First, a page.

In our last blog, we talked about the dangers of parental alienation during separation and divorce. To recap, parental alienation is a form of emotional child abuse that can be subtle or overt where one parent belittles or vilifies the other parent to the child. Its harmful effects on children, including depression, substance abuse, and a lack of trust in others, are well documented in many credible psychological studies.
And as Stephen explained in last month’s blog, parents who use this sabotaging behavior can also face serious legal consequences, as the Arkansas courts look harshly on parental alienation. Below, we provide some ways divorcing parents can stay vigilant in keeping their children’s relationships with both parents strong and healthy.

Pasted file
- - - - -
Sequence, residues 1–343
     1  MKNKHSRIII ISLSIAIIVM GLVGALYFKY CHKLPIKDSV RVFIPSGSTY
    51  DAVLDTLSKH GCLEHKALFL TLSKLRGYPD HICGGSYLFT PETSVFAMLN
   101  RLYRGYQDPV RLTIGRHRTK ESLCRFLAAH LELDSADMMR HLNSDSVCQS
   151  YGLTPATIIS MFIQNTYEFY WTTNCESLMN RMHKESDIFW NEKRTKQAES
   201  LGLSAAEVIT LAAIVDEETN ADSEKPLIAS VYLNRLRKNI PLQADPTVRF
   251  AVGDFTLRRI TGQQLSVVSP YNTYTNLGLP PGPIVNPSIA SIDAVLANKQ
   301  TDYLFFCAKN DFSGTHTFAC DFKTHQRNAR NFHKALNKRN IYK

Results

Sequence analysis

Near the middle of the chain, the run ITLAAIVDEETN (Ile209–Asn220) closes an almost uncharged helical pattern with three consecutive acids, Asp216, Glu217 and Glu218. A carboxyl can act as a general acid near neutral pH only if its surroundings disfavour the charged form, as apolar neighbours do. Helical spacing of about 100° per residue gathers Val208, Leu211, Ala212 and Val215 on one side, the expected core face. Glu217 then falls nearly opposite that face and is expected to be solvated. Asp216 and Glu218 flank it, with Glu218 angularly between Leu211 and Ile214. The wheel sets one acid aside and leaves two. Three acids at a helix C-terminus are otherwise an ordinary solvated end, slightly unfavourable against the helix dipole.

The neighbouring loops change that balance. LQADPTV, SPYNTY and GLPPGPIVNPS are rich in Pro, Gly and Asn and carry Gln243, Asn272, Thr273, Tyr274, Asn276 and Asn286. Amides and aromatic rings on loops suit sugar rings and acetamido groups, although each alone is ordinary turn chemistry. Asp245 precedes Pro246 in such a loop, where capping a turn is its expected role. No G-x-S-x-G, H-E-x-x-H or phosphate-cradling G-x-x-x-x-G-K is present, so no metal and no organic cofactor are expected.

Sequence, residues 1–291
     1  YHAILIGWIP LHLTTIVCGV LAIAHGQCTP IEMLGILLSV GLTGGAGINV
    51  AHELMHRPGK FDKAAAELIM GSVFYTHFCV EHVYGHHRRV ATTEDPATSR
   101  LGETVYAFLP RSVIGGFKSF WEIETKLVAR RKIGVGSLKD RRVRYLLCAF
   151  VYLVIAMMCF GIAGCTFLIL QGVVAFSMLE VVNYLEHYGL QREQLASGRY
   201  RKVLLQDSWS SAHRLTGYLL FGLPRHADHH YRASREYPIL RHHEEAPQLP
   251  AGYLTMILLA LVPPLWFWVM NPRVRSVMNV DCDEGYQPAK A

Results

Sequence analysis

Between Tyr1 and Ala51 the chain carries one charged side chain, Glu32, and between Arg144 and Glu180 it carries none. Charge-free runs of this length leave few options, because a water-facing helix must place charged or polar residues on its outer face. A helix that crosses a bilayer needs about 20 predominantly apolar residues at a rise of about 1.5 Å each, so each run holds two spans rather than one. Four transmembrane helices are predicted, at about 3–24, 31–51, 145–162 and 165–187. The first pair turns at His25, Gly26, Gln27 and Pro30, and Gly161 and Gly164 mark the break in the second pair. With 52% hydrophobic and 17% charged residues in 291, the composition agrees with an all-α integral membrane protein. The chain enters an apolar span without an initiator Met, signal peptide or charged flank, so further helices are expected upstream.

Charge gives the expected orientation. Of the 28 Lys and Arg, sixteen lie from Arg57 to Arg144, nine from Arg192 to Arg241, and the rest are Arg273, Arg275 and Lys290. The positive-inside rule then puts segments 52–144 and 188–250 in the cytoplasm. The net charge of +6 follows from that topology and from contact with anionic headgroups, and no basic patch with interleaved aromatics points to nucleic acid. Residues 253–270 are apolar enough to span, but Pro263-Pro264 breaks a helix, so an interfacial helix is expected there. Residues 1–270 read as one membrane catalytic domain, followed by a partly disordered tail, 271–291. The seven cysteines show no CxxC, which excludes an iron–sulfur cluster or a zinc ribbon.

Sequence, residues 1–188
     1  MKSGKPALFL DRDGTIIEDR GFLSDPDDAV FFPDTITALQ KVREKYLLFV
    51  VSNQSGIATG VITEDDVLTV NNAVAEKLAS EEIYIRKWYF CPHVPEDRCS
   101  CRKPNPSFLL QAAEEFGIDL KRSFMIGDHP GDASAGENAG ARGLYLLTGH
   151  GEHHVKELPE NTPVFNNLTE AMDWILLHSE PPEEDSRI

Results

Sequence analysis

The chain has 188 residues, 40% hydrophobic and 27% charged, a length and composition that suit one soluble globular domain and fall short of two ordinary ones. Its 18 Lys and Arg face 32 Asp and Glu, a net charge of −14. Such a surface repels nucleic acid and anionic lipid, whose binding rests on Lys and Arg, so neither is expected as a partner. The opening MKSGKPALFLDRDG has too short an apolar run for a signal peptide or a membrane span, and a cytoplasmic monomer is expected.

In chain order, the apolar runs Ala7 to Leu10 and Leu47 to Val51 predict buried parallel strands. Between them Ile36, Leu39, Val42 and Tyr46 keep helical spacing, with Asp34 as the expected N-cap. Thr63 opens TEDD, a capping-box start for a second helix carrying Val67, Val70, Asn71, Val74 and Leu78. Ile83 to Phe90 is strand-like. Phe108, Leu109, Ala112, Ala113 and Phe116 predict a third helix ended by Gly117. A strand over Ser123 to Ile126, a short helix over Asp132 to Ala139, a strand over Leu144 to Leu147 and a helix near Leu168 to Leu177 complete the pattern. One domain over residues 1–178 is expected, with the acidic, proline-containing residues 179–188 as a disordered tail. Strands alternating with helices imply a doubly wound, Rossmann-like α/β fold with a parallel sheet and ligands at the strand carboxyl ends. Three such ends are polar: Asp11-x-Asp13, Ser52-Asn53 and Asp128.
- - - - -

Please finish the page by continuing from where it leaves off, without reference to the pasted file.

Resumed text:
- Avoid negative language. Do not use language such as “I really miss you,” instead of focusing on the upbeat with language like, “I can’t wait to see you next!” Or instead of being woeful about missing an important moment in your child’s life like a special game, talk instead about how exciting and positive it must have been for the child.
- Manage your emotions. Actions speak louder than words. Venting around your kids is not acceptable.
- Stick to the schedule. Do not show up late for visitation as this can be portrayed as a lack of interest/commitment.
- Follow the rules when it comes to court orders and agreements. Do not give your ex anything to use against you.
The research is clear when it comes to parental alienation: Children of divorce must be spared their parents’ rage and disappointment. In order to grow up as happy and healthy as possible, they must be allowed to maintain healthy, loving relationships with both parents, free of those parents’ conflicts with one another.